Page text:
“We were blessed with having the first Black-owned radio station in WERD, the first Black FDIC-insured bank in Citizens Trust Bank (the building now owned and operated by Georgia State University). They were groundbreaking, but necessities for a segregated African American community in this city in the South to have some form of normalcy and self-respect in how they managed their everyday living.”
The avenue reached its peak in business revenue during the mid-’40s to early ’60s, with Fortune Magazine naming Auburn “the richest Negro street in the world” in 1956.
Black visitors across the country who primarily relied on the Green Book, a guide of Black-owned businesses and lodging, were directed to Auburn businesses like the Royal Peacock, Ma Sutton’s Restaurant and Ebenezer Baptist Church, home to respected pastor Martin Luther King Sr., and his co-pastor/son, Martin Luther King Jr, a figure who Perkins has fond memories of from his days in the community.
“My in-laws and Martin Luther King Jr. were good friends, so he would come over to their house and we would see them a lot,” the Odd Fellows owner said. “I saw him as just an ordinary person. We knew that he had a vision of course, you couldn’t help but know that…he was pretty cool at the time.”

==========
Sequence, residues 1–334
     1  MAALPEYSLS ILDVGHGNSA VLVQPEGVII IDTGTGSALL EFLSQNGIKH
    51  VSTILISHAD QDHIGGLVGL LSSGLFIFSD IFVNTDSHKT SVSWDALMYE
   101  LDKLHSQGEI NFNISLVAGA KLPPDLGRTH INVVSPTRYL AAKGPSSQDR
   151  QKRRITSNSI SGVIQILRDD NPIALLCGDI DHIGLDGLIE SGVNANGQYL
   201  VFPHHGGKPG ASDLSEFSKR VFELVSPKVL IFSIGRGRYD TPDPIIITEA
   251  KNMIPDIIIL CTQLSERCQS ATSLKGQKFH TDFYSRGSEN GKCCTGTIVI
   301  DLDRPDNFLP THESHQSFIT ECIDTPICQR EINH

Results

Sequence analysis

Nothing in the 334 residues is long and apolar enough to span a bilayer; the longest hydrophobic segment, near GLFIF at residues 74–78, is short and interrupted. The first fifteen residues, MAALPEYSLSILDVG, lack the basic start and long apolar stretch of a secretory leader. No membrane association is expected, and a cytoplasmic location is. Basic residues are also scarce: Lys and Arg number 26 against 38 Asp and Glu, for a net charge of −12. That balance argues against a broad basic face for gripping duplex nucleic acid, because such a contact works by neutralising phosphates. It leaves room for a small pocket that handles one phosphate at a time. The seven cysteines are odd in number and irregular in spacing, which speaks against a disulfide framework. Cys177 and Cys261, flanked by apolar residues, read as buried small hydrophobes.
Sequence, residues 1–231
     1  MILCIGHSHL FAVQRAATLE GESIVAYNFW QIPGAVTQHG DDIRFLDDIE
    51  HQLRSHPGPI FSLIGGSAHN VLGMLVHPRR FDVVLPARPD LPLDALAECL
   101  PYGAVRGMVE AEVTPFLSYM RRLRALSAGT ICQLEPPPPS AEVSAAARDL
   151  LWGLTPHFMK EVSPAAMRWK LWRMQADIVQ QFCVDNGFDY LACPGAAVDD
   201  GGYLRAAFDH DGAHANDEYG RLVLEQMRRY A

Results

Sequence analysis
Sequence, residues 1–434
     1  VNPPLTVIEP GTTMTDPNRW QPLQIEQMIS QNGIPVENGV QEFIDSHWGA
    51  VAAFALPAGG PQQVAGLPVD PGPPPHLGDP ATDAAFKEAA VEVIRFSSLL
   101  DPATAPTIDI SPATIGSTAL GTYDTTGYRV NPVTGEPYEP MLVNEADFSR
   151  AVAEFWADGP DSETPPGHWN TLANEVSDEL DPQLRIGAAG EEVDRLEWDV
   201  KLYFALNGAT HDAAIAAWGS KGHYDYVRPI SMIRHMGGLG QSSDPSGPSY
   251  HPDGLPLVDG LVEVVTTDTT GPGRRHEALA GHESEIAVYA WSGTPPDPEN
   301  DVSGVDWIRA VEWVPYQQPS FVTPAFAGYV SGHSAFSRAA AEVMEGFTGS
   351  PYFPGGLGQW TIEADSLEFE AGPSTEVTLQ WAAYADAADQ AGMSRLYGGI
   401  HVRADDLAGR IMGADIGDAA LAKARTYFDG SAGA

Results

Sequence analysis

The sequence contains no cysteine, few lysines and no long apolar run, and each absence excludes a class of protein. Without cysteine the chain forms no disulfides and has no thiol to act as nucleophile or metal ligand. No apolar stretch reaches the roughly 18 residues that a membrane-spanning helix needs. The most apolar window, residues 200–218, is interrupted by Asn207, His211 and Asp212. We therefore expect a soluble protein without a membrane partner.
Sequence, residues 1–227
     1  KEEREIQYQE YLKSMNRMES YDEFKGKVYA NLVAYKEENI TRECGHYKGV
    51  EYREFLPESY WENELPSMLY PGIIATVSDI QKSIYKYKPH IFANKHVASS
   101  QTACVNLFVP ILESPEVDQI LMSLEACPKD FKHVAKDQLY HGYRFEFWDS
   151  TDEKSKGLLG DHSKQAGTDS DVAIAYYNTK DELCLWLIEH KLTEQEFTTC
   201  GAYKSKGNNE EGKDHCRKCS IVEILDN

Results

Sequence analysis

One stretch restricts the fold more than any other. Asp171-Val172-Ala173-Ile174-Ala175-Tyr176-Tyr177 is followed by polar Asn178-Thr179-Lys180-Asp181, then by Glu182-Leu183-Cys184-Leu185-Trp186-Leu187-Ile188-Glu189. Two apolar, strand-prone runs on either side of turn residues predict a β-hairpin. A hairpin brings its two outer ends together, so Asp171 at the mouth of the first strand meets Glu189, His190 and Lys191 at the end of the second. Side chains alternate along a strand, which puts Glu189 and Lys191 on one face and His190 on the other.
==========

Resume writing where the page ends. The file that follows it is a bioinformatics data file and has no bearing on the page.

Around this time, Auburn also became a major hub for efforts in supporting the Civil Rights Movement. John Wesley Dobbs, nicknamed the mayor of Sweet Auburn, often organized and coordinated voting registration drives for Auburn residents and founded the Atlanta Negro Voters League.
In addition, the international offices of the Southern Christian Leadership Conference (SCLC) set up its foundation on the street, with historical events such as the March on Washington and the Selma to Montgomery marches being planned inside of the building.
It was not until the end of segregation in the late 1960s that Sweet Auburn began to see a growing decline, with many residents and businesses moving across other neighborhoods throughout Atlanta that were now available to them for ownership.
The decline continued across the ’80s and ’90s, with crime rising and many economic and infrastructural resources slowly becoming nonexistent. While the street still experienced success with the growth of the King Center, the Odd Fellows renovation and frequent activity at the Royal Peacock, it was still not enough to keep economic activity at the level it was previously.
The disinterest of Sweet Auburn by the city’s residents and government came to a head during the 1996 Olympics when city officials actively dissuaded millions of visitors from patronizing the district.
“They told visitors coming to the city that it was dangerous, to not go down there at night … they had the streets blocked,” said Dan Moore, owner of the APEX Museum, a popular African American history museum that has been a part of the area since its opening in 1978. “Telling them that they would get robbed if they came down here.”